54 CHAPTER 2 Methods for Describing Stafsiofnaa
Figure 2.21
Reproduction of SAS numerical l Mean Std Dev uariame N gamma. aximum Median
descri tivc measur f r 00 -
p es 0 1 l 35.5340000 2.41?89?1 5.8452263 100 30.0000000 44.9000000 37.0000000
l
EPA mileag
Next weeks quiz in discussion will be on the binomial.
The standard example of a binomial rv is the number of heads in n
tosses of a coin. The tosses are independent, and the probability of
head is the same for each toss.
We worked through an example with
The quiz will be in discussion on Wednesday.
The quiz will be on measures of central tendency and measures of
variability; i.e. mean, median, range, standard deviation and
variance. I announced some practice exercises in class on Tuesday
and I will announ
Today, we will talk about independence of events (sec 3.6),
review probability, and move on to discrete random variables
(Chapter 4).
Discrete random variables will be on next weeks quiz.
Independence
Events A and B are independent events if the occurrenc
The final will be in this classroom (1957 E, Rm 113)
I will come to class Tuesday 4/25 for questions you may have;
there will not be class on Thursday 4/27.
Last thing from Regression and Correlation is the definition of
correlation.
r= SSxy / (SSxx SSyy)
The first HW will be due next week in discussion on Wed 2/15
see Blackboard.
I will post an announcement on Blackboard about next weeks
quiz.
We went over discrete random variables. Now we consider a
particular discrete random variable the Binomial.
(Sec
There will be a quiz in class next week, in your discussion section.
It is closed book, closed notes, but bring your calculator (just the basic
arithmetic operations plus squares and square roots.)
I will post information on Blackboard about it.
The tempe
cfw_'93 Find the approximat pmpurun of students whose scores 51m: 11:! I. '
_, .5574 Iii:
cfw_it mat is the answcr to [h] if the distribuuu of seams is not mania: _
'shaped?
IM' ,-
f';3|l-rf4 r?3 I, I5?! cfw_if 34
Today, I will cover the last CI (Confidence interval), large sample
CI for difference of proportions.
Check Blackboard for HW due next week one of the questions is
on large sample CI for p1- p2, which we cover today.
Previous topic: large-sample CI for 1-
Remember, there is HW next week
Today we finish hypothesis testing.
Weve covered the large sample test of a population mean , a
population proportion p, and the difference of population means 1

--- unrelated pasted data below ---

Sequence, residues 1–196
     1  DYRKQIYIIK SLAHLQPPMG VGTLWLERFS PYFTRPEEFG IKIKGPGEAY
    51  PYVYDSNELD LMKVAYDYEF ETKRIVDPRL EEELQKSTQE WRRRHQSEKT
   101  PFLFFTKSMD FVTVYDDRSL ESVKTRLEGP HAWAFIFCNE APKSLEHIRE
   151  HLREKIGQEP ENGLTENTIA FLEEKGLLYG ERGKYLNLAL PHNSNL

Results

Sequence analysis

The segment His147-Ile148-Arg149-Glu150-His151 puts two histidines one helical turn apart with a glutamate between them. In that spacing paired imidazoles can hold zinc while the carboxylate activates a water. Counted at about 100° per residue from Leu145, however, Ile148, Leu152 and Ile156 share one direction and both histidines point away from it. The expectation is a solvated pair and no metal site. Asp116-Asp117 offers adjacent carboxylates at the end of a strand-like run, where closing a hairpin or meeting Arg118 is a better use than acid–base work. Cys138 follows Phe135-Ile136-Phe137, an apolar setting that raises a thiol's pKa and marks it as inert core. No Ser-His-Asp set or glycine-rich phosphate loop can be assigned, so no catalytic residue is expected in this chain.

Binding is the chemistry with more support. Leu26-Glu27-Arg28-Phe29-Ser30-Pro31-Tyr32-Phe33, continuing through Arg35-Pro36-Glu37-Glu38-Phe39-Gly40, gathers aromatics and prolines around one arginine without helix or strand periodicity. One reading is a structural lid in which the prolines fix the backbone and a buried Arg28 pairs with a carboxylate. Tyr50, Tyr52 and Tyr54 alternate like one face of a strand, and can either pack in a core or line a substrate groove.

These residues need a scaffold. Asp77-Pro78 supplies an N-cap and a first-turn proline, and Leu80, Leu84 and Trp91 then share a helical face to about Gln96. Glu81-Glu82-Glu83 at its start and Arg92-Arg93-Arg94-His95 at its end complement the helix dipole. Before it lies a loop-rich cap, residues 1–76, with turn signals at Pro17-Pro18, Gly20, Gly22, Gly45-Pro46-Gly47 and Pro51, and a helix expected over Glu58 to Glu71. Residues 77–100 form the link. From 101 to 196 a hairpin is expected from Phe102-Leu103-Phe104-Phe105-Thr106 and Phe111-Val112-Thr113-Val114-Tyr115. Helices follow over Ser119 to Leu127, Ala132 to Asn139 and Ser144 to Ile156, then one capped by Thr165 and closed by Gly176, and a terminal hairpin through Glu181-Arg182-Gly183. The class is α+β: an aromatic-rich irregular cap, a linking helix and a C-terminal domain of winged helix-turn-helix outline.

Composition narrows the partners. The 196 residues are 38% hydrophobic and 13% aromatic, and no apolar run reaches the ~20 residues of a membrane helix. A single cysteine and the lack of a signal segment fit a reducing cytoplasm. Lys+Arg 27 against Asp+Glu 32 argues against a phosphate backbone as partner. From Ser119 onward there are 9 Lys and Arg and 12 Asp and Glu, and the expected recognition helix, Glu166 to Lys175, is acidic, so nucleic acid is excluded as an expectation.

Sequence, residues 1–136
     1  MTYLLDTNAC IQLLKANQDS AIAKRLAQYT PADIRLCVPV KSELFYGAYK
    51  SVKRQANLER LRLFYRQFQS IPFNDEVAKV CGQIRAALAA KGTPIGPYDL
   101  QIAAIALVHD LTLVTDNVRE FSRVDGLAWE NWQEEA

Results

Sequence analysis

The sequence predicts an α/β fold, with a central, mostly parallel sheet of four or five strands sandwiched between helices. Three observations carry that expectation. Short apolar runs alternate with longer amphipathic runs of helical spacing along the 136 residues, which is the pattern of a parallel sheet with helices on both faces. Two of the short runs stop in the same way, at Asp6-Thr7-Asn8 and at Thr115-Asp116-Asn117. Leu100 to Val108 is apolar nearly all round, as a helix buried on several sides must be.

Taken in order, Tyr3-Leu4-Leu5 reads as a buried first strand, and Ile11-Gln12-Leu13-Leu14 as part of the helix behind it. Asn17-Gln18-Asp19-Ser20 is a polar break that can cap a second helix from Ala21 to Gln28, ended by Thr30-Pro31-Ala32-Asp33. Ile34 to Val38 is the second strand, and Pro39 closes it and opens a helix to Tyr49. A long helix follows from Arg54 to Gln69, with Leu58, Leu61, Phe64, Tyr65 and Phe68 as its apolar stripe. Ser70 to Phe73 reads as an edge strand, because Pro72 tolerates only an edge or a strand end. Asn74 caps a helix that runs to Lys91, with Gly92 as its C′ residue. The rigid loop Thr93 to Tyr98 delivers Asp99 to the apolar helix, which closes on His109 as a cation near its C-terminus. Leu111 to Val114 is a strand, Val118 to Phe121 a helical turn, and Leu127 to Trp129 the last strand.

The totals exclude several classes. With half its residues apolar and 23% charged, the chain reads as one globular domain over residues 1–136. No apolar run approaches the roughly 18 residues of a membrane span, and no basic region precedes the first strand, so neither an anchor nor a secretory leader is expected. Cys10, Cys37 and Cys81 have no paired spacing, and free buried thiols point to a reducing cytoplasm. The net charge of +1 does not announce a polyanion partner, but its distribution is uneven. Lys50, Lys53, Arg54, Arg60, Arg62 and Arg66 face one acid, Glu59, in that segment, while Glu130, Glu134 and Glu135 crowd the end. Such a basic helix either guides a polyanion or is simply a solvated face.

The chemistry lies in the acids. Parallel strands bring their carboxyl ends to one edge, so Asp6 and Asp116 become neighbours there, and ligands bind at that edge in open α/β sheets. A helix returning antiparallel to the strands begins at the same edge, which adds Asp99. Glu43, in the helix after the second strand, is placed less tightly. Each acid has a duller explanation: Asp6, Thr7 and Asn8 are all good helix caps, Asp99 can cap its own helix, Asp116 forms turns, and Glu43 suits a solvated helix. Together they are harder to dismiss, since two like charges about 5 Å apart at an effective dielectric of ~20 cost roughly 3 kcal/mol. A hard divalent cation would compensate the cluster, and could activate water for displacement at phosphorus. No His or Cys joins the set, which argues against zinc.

2 .
Hypothesis tests for comparison of population proportion
I will post an announcement about the next quiz (3/22), on smallsample CI for .
I posted an announcement yesterday about some people turning in
HW based on exercises from the wrong edition we use the
Thirteenth edition.
As stated in class, DO NOT use the
I have posted HW 4, due Wednesday April 12th.
It includes a problem on material that we will cover today.
Hypothesis tests for difference of population means
Large, independent samples
Section 9.2, pp 438-439. Just after the CI material in the same
sectio
I have posted an announcement on Blackboard about next weeks
quiz on CIs (Confidence Intervals) for and p.
HW 2 is due in discussion on Wed 3/8.
Recall
Formula for large-sample CI for (Section 7.2)
100(1- )% CI for is
(X- z /2 x , X+ z /2 x ),
where z /2
Practice Set 1
1. Find (exactly, without rounding off) the missing values in the following frequency table
Class Interval
10-20
20-30
30-40
40-50
50-60
Frequency
12
25
Relative Frequency
0.280
0.328
0.200
2. The annual rate of return of a sample of 20 com
Practice set 2
1. A local bank has 5682 checking accounts. The bank found that the mean and median balances of those
5682 accounts are $8,350, and $6,540, respectively. Based on this information, would you conclude that
the proportion of the banks checkin
Midterm Exam, Stat 105310, Spring 2.015
Time: 75 minutes
Name: g0 iii/(ii O 3 Signature
Recitation Section (circle one): Stat 105330 (3:5 5-4 :45) Stat 1053-31 (5:00-5:50)
Stat 105332 (11:10wl2:00) Stat 105333 (12:45lz35) Stat 1053-34 (9:3510:25)
Answer a
Practice Problems
1. In 1960, census results indicated that the age at which American men first married had a mean of 23.3
years. It is widely suspected that young people today are waiting longer to get married. We want to find
out if this can be substant